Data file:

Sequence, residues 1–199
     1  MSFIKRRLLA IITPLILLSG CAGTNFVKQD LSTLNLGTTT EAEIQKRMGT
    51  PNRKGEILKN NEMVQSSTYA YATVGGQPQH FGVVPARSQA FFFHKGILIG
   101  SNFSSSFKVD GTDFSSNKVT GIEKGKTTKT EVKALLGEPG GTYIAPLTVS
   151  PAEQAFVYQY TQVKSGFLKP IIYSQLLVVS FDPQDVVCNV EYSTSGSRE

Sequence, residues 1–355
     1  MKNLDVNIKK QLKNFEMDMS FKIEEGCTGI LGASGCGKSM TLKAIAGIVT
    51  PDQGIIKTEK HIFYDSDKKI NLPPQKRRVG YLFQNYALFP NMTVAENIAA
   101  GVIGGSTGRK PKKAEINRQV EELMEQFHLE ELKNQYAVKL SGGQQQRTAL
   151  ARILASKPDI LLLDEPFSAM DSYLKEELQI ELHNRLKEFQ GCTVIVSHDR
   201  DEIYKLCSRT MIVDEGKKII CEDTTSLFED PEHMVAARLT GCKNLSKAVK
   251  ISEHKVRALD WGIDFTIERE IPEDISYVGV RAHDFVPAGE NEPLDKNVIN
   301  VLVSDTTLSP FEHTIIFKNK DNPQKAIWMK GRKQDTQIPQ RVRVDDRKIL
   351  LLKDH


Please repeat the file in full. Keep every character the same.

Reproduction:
Sequence, residues 1–199
     1  MSFIKRRLLA IITPLILLSG CAGTNFVKQD LSTLNLGTTT EAEIQKRMGT
    51  PNRKGEILKN NEMVQSSTYA YATVGGQPQH FGVVPARSQA FFFHKGILIG
   101  SNFSSSFKVD GTDFSSNKVT GIEKGKTTKT EVKALLGEPG GTYIAPLTVS
   151  PAEQAFVYQY TQVKSGFLKP IIYSQLLVVS FDPQDVVCNV EYSTSGSRE

Sequence, residues 1–355
     1  MKNLDVNIKK QLKNFEMDMS FKIEEGCTGI LGASGCGKSM TLKAIAGIVT
    51  PDQGIIKTEK HIFYDSDKKI NLPPQKRRVG YLFQNYALFP NMTVAENIAA
   101  GVIGGSTGRK PKKAEINRQV EELMEQFHLE ELKNQYAVKL SGGQQQRTAL
   151  ARILASKPDI LLLDEPFSAM DSYLKEELQI ELHNRLKEFQ GCTVIVSHDR
   201  DEIYKLCSRT MIVDEGKKII CEDTTSLFED PEHMVAARLT GCKNLSKAVK
   251  ISEHKVRALD WGIDFTIERE IPEDISYVGV RAHDFVPAGE NEPLDKNVIN
   301  VLVSDTTLSP FEHTIIFKNK DNPQKAIWMK GRKQDTQIPQ RVRVDDRKIL
   351  LLKDH